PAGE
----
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Generating More Secure GPG Keys: A Step-by-Step Guide

This is part of a series on GNU Privacy Guard:

  1. Getting Started with GNU Privacy Guard
  2. Generating More Secure GPG Keys: Rationale
  3. Generating More Secure GPG Keys: A Step-by-Step Guide (this post)
  4. Using an OpenPGP Smartcard with GnuPG

gpg_subkeysIn this post, I’ll will cover the generation of a new GPG key and removal of the primary key, one of two mitigation strategies mentioned in the previous post. The next post in the series will demonstrate the second strategy: using this new key with a SmartCard.

A Secure Environment

We’ll start by generating a brand new key in a fairly secure environment. To do this we’ll want to boot into a LiveCD or LiveUSB environment to reduce the likelihood of malware interfering with the key generation process or stealing our new secrets. We’ll also want to do this in an offline environment. I happened to use a Tails Live USB Stick and an old netbook with wireless networking disabled so I’ll describe a similar process here.

The FSFE SmartCard Guide

Once Tails has booted, we can open a Terminal shell and start generating our new key.

We’ll follow along with roughly the approach recommended by Free Software Foundation Europe. The “Fellowship SmartCard” provided to FSFE Fellows implements the same OpenPGP SmartCard standard as the current version (Last changed: 2013-04-23 08:19:15) of their Card HowTo is quite good.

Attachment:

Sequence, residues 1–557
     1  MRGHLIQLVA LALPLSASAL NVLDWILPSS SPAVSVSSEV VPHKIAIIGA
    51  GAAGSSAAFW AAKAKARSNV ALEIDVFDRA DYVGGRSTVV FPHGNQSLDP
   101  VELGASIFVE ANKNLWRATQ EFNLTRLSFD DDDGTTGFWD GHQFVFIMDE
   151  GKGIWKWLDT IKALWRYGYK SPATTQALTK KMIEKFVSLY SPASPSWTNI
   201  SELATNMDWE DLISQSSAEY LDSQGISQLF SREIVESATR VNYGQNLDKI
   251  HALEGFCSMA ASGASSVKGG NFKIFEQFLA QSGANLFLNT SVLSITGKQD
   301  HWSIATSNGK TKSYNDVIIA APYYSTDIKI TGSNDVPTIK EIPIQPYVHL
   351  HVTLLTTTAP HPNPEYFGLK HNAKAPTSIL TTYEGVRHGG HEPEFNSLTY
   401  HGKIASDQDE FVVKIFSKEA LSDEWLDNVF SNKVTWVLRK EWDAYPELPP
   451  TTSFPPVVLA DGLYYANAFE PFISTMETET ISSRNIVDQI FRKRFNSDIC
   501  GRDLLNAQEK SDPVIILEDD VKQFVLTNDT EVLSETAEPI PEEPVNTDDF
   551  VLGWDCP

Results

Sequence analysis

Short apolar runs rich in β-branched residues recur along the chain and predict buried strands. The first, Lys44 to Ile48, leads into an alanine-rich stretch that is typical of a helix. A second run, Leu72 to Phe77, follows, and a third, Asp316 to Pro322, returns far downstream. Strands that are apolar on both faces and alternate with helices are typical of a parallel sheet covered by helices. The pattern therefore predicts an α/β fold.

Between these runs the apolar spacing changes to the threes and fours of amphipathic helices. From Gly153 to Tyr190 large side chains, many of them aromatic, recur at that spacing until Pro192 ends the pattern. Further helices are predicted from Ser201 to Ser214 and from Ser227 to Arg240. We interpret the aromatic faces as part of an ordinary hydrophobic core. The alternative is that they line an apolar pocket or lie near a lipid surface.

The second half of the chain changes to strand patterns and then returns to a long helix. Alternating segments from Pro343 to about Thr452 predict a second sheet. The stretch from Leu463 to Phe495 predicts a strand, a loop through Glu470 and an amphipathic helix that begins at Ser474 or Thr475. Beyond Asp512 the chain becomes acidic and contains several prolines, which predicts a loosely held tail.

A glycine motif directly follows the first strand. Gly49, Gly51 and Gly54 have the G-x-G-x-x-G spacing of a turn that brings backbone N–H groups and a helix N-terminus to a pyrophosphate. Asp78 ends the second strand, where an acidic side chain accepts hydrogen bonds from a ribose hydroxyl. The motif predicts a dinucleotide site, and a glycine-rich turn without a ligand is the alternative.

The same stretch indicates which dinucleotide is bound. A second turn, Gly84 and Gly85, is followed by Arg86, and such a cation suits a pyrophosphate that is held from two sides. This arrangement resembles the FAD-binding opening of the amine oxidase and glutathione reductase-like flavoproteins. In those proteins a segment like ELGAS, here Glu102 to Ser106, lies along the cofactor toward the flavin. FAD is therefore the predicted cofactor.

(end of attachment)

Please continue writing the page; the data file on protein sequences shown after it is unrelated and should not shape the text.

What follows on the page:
The guide recommends setting up your card reader first. We’ll worry about that later. We’re already offline and booted into a trusted live operating system, so we can jump right into generating the key.

Generating the Primary Key

Expert Mode

Invoke gpg --gen-key with the --expert flag to expose some additional menu items.

$ gpg --expert --gen-key
gpg (GnuPG) 1.4.12; Copyright (C) 2012 Free Software Foundation, Inc.
This is free software: you are free to change and redistribute it.
There is NO WARRANTY, to the extent permitted by law.
 
Please select what kind of key you want:
   (1) RSA and RSA (default)
   (2) DSA and Elgamal
   (3) DSA (sign only)
   (4) RSA (sign only)
   (7) DSA (set your own capabilities)
   (8) RSA (set your own capabilities)
Your selection? 8

Capabilities

Choose (8) RSA (set your own capabilities). Then set the capabilities of the key to only Certify by toggling Signing and Encryption off.

Possible actions for a RSA key: Sign Certify Encrypt Authenticate
Current allowed actions: Sign Certify Encrypt
 
   (S) Toggle the sign capability
   (E) Toggle the encrypt capability
   (A) Toggle the authenticate capability
   (Q) Finished